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News Mash: The rise of certain technologies, when it comes to nature? Scary, creepy stuff!

For every million things technology can come out with…

To make itself indispensable to man?

There are just as many technological advances…

We do NOT need.

Such as?

Sexting cows.

It’s a thing now.

[via GizmodoCows Can Now Booty Call Their Farmers

Farming cows is a thankless task; keeping track of their fertility sounds funny, but it’s what keeps meat in your burger and milk on your cereal. Fortunately, mobile technology means that cows can now drop their farmers an SMS when they’re feeling frisky. That’s right. Bovine sexting has arrived.

A new intelligent collar has been designed by researchers from the University of Strathclyde, Scotland, that uses the same sensor as the Wii to keep track of a cow’s movement and activity,reports PhysOrg. From that movement, the scientists have been able to work out the characteristic behavior of cows when they’re ready to get it on, as well as other, more boring, things, like when the they’re going in to labor. [Read More]

Word of advice however?

Don’t let any ostriches get a hold of these collars.

Especially in YOUR presence.

You will not like the messages you receive.

[via io9] That ostrich over there? It is totally into you.

No, seriously. The next time you find yourself at an ostrich ranch (yes, they exist, and yes, they are everything you ever dreamed they could be and more), there’s a pretty decent chance of you getting hit on by an ostrich.

Evidently, being raised entirely by humans (as is standard operating procedure on ostrich farms) has a significant impact on the disposition of the big, flightless birds. What kind of impact? The sort of impact that leads ostriches to believe that a human would make for a fine mate. Neurotic Physiology’s Scicurious explains:

Courtship behavior in ostriches takes two forms. The male will do a little courtship dance, flapping his wings out, squatting down, and waving his neck back and forth. At this signal, if the female likes what she sees, she’ll flap her wings backward, while bending her neck forward, and making a clapping noise with her beak. And it turned out that the farmers [at Hangland Farms, in the UK] were noticing MORE of this behavior when they were present. Was it possible that the farmers were turning the ostriches on???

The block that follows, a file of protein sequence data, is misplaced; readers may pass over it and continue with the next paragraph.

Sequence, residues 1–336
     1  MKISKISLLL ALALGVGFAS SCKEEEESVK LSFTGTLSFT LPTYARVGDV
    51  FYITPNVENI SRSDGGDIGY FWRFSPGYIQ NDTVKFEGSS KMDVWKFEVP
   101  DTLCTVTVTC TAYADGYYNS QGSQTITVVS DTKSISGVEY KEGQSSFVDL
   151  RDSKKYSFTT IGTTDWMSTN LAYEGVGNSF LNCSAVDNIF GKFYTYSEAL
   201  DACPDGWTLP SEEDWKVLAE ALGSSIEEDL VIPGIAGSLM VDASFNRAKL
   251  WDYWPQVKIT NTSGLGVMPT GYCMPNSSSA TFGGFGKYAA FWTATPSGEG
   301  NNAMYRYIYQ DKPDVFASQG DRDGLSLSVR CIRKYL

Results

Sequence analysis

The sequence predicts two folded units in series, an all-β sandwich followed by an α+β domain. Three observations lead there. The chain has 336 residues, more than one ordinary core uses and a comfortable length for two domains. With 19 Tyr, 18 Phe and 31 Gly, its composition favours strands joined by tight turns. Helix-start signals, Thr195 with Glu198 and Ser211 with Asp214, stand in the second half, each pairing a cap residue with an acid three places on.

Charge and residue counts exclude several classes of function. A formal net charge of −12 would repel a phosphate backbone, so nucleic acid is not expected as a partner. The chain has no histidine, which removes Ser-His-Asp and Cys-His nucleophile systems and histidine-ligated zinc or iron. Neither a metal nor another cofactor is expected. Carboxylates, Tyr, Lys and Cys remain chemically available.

Of course, scientists were called in to investigate, and a research team headed up by ostrich-expert Charles Deeming set about determining whether these ostriches were getting fresh with their human handlers:

…the scientists set up observation stations near several ostrich enclosures (the ostriches were grouped as one male to two females). They carefully kept THEMSELVES well out of sight and sound of the ostriches. Then they had humans walk by the enclosures, either relatively distant, or right up near the fence. As the humans walked by, the scientists watched the birds to see what they did.

And those ostriches…were happy to see the humans. Very happy. In fact, both female AND male ostriches solicited sex more than twice as often when the humans were nearby. 70% of the ostriches reliably hit on the humans when they were around. Turns out that being raised by humans can change what an ostrich is attracted to. The only exception to this was their control ostrich, a male which had been raised in Africa and then imported to the farm. He studiously ignored all humans, unless they got too close, in which case he was much more likely to be aggressive.

[Read More]

And if you DO like the messages you receive from the ostriches, via the new intelligent collar, when they look at you?

Awkward.

At least for me…

And because?

You’re very creepy.

Jeez…

I feel dirty just thinking about it.

Please…

Make the thoughts STOP!

*curls into defensive ball*